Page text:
But that left webOS, a really great operating system, in the doghouse for a few years, until it found an unlikely home … with LG, which bought the operating system and made the operating system a major selling point of its high-end OLED televisions.
Now, LG is putting webOS in a position of glory once again, announcing (just a month after it released an ambitious redesign
) that it would license its operating system to TV manufacturers the world over, creating a new smart TV competitor to the more dominant (but decidedly lower-end) Roku operating system.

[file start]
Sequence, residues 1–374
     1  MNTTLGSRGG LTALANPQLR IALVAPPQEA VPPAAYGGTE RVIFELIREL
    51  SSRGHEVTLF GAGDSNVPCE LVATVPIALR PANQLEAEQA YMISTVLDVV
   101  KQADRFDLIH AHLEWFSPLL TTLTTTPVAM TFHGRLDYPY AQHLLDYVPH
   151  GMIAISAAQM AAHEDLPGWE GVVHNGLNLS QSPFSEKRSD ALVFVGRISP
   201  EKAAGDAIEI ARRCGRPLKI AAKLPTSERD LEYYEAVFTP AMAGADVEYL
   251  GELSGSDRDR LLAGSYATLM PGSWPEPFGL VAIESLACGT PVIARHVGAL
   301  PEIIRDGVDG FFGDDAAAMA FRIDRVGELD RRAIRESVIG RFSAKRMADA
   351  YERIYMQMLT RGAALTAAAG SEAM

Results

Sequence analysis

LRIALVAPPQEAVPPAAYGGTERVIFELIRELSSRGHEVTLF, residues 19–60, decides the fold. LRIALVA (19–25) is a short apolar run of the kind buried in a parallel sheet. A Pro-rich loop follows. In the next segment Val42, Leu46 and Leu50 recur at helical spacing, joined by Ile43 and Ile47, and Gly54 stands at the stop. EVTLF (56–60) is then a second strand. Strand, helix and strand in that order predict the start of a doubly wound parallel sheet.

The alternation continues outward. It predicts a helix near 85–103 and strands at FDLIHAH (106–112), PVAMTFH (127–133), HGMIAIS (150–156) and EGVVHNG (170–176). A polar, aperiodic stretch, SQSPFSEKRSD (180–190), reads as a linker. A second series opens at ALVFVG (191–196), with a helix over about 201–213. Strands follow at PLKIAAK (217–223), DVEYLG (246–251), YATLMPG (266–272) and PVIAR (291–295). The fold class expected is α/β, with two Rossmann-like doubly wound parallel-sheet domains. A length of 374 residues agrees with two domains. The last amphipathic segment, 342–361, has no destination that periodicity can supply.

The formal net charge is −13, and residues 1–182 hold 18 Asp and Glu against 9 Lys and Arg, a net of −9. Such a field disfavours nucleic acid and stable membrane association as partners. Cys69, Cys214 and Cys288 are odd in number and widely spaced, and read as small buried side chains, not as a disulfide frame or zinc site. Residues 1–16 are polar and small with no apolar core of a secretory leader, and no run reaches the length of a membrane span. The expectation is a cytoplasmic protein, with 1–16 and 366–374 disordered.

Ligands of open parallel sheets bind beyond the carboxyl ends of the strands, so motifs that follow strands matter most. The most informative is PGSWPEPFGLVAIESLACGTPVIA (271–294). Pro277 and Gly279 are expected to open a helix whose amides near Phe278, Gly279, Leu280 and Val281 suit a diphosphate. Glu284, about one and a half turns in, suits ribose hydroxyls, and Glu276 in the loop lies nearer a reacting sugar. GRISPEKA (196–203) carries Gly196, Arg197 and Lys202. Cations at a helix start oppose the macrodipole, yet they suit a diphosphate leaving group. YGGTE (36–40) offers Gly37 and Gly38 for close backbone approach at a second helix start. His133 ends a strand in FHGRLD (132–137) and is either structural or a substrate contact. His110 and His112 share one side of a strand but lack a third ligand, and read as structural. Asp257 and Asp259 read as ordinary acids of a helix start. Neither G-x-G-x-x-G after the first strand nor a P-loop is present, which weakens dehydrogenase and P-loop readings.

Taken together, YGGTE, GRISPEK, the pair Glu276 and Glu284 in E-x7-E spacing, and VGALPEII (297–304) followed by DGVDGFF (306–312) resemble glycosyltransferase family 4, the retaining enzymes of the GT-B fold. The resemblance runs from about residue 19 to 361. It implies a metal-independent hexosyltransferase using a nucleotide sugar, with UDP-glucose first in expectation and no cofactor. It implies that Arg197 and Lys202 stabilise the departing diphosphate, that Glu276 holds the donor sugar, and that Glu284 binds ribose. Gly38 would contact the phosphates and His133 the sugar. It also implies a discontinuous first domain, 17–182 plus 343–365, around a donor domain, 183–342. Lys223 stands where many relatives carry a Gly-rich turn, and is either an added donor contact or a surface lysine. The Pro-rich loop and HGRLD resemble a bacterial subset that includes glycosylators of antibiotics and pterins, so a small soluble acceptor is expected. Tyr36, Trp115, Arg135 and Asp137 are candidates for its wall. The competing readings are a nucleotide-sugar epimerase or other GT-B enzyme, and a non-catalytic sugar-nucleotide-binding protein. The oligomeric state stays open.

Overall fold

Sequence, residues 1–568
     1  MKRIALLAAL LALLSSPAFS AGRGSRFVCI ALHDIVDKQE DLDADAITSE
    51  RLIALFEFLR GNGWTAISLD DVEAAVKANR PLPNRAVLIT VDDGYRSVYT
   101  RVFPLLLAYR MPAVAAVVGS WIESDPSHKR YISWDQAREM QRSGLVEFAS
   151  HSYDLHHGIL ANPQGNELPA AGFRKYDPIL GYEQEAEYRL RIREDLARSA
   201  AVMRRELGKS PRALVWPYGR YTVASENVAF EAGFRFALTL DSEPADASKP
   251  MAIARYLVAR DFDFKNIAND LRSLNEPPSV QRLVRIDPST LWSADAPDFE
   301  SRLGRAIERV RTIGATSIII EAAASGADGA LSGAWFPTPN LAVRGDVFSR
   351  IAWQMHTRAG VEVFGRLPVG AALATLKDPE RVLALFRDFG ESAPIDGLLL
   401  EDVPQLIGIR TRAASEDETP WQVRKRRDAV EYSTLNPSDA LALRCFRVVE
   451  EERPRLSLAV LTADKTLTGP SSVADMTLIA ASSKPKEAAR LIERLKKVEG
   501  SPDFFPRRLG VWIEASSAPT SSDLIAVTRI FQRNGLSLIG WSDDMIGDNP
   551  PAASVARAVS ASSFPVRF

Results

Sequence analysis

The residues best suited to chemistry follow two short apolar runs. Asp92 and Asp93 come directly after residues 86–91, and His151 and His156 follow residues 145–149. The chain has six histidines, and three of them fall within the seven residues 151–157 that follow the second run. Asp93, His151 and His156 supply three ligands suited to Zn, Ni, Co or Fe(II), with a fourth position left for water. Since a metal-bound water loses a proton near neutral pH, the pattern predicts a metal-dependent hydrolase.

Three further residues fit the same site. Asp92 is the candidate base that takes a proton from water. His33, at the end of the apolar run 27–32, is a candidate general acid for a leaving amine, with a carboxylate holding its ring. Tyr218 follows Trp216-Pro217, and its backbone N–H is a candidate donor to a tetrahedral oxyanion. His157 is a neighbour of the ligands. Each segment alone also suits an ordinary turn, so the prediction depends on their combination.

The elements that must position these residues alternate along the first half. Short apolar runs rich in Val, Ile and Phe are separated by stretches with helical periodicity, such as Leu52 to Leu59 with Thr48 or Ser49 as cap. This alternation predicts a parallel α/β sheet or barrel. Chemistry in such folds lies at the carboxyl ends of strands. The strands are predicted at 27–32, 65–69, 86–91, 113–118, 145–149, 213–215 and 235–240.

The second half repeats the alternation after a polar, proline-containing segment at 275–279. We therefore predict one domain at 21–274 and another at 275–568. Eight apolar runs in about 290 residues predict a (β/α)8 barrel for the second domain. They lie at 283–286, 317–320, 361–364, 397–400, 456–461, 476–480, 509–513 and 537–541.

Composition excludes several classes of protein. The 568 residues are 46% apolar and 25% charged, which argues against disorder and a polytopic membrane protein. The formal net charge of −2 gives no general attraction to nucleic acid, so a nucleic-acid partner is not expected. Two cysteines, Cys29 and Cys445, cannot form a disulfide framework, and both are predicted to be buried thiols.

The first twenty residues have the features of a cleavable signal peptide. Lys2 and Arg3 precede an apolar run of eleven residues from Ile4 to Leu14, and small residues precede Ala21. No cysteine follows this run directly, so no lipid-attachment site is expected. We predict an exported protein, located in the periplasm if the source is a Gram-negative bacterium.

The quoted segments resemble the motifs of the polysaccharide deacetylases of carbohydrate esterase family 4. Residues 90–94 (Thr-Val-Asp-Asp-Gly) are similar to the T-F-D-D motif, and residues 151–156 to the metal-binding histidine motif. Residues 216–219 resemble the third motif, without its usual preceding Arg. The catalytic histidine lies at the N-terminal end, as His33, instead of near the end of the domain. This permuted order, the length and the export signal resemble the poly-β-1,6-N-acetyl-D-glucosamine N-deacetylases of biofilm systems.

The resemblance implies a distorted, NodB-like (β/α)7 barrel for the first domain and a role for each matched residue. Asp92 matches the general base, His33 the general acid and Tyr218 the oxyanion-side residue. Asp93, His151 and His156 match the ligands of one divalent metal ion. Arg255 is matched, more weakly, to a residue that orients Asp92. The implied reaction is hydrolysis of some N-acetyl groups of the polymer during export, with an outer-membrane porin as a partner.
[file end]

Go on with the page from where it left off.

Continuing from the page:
As The Verge notes
, LG is largely replicating the successful Roku and Fire TV licensing model by doing this, but as someone who knows their tech history, I have to admit that I find the whole thing to be a little bit joy-inducing as someone who always felt a little sad that webOS never found its footing in mobile.
That LG is investing in it to the point that other manufacturers are coming on board means that despite all the trials, tribulations, and bad business decisions, webOS didn’t just survive. It thrived.
Time limit given ⏲: 30 minutes
Time left on clock ⏲: 5 minutes, 3 seconds
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